Monday, September 24, 2007

Is Coyne correct?

I have to admit that I find this whole MMP issue quite tedious.

I can't imagine the majority of the population even caring enough to educate themselves on what is an extremely complex question. However, several people have asked me to respond to Andrew Coyne's Op-ed in Saturday's National Post (Why Conservatives should support proportional representation), so I will attempt to fulfill that request now. I've also made a few comments at Christian Conservative and Diogenes Borealis.

If I am interpreting it correctly, Coynes' basic argument is that the present system ("First Past the Post" - FPTP), encourages a dull middle ground of policy or McGuintoryism as he refers to it. (Why not TorMcGuintyism?)

Anyway, that is a moot point. At first Tory's ideas seemed very close to McGuinty's, but lately he's been throwing out new ideas at such a rapid rate that the Liberal attack dogs can hardly keep up.

In a nutshell, Coyne is saying that MMP is preferable "because the 'winner take all' dynamic would have been broken -- parties get roughly the share of the seats their proportion of the vote would suggest, rather than the highly leveraged payoffs under FPTP -- all parties would have less fear of taking risks".

I'm not sure that 'taking risks' is going to sell MMP for me.

The supposed advantage of forming coalitions doesn't really do much for me either. As Paul Wilson wisely notes in his letter to the editor in today's Post (Coyne is wrong about MMP):

...So the issue is not stable government but responsible government, which depends on our collective ability, as electors, to toss a government out. In choosing between the existing system or the new proposal, Ontario voters should not think about instant gratification ('The Greens have seats at last!"), or about which end of the political spectrum gets the advantage, but about the long-term consequences of being governed by successions of coalitions over which we, the electors, no longer hold the power of life or death.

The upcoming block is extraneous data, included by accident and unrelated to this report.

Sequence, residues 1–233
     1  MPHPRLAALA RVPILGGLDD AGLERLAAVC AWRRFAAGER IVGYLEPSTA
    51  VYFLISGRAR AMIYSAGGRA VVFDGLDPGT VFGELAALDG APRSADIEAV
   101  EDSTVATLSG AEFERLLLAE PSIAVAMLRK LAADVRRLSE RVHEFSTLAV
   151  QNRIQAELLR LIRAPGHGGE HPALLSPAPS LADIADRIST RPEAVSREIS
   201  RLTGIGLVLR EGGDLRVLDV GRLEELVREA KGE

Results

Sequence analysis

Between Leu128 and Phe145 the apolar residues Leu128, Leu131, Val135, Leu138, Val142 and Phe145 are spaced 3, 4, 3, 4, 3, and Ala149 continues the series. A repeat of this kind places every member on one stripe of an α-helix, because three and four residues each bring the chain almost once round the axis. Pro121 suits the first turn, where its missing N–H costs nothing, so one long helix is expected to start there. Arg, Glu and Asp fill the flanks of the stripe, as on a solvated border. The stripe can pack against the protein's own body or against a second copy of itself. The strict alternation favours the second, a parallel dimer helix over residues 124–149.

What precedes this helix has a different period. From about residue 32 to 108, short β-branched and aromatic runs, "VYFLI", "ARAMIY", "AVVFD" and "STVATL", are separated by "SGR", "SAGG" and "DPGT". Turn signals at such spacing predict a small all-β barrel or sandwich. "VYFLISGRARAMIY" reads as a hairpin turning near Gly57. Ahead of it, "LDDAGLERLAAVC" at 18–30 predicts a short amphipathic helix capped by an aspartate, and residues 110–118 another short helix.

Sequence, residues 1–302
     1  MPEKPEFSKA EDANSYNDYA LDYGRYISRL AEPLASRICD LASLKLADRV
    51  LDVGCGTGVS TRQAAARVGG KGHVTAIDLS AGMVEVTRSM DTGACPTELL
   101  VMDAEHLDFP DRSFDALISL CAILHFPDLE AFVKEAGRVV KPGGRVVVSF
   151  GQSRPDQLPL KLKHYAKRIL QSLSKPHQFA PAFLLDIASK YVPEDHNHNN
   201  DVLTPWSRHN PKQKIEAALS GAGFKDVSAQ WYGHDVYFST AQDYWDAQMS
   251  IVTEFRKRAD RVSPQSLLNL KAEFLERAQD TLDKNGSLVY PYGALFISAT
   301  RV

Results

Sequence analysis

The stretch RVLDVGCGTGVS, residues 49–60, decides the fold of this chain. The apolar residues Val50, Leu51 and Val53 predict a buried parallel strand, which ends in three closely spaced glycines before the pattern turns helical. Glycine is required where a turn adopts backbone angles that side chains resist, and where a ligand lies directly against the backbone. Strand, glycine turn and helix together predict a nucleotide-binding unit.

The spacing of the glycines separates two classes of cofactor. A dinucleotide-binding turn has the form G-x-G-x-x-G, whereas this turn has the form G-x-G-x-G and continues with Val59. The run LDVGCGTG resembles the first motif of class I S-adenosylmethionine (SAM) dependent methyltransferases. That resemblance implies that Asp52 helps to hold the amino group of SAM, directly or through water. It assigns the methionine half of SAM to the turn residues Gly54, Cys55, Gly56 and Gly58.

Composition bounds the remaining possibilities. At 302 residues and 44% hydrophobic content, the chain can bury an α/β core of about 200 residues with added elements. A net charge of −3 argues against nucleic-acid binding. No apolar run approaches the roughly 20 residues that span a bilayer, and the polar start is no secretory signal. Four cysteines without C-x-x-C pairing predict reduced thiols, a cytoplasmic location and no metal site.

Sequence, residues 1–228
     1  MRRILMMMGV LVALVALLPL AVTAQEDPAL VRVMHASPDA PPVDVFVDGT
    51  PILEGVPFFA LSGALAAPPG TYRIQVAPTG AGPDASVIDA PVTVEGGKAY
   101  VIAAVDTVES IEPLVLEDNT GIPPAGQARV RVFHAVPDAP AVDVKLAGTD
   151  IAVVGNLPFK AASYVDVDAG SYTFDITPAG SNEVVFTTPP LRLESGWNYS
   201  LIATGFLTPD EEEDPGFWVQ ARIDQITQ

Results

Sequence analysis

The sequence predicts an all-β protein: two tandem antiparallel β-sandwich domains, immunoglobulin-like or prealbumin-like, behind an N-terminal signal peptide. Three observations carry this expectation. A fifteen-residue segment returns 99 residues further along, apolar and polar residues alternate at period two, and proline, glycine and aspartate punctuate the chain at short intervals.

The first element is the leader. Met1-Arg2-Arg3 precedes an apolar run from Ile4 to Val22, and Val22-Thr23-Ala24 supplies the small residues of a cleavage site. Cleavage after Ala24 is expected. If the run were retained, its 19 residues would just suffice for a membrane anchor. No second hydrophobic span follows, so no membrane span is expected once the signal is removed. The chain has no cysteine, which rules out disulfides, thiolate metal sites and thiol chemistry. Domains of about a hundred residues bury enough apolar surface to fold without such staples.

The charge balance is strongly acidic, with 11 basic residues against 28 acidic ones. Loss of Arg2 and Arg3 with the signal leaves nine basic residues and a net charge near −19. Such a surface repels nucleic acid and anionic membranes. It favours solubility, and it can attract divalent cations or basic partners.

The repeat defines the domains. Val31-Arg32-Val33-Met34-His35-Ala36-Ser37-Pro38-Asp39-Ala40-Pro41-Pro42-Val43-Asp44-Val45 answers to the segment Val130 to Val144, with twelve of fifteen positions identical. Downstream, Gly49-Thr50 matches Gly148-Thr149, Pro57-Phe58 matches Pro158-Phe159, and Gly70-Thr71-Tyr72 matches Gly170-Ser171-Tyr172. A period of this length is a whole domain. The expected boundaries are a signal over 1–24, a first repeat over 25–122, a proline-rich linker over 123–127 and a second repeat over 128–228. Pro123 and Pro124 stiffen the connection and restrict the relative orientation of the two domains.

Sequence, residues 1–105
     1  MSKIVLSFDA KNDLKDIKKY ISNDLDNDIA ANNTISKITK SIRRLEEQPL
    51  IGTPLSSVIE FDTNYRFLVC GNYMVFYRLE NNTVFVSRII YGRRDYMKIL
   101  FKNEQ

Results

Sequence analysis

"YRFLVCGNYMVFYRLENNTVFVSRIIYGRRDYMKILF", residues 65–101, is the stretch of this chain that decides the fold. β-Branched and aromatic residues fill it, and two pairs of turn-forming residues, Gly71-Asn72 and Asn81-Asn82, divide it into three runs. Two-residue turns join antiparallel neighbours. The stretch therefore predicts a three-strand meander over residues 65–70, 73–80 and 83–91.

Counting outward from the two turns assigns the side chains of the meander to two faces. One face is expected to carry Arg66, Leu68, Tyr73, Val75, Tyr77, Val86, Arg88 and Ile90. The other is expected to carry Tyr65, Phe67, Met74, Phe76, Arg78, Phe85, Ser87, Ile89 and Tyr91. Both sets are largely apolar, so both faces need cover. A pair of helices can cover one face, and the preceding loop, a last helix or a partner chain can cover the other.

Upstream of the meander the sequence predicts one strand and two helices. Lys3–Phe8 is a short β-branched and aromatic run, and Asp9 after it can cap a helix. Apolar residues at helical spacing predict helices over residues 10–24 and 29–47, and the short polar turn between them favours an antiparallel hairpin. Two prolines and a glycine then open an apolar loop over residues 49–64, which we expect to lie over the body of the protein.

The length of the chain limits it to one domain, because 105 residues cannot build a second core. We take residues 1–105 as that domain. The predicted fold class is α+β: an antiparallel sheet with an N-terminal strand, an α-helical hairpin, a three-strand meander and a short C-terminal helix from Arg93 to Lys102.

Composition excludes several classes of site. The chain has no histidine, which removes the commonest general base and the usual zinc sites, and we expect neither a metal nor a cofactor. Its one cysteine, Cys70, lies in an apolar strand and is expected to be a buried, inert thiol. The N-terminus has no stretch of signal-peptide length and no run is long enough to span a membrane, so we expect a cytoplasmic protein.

Excellent letter!

Now one of my regular readers, Kingston, made an interesting proposal in the previous thread:

Joanne, I think I have come to a reasonable conclusion concerning MMP and if it was implemented as follows I could live with it, say after all the math is done, the Libs end up with 8 extra seats the PC 5, the NDP 4 and the Greens 2 just for example, instead of the parties leaders picking off a list of cronies they have to fill these seats with those members who lost but had the highest voter support. i.e. the Libs 8 highest percentage vote winners that never actually won are appointed, kind of like the wild card position in Major League Baseball, at least that way the members are partial accountable to the voters and have actually stood for election.

This sounds very close to the STV (Single Transferable Vote) system that has been proposed in B.C., would certainly help make the process a bit more democratic, but it still doesn't seem to address the coalition concerns that the Post reader had noted.

I'm sure this debate will rage on between those who are passionately interested in change, and those who are concerned about the ramifications. Lots of good points were made by both sides in a previous post here.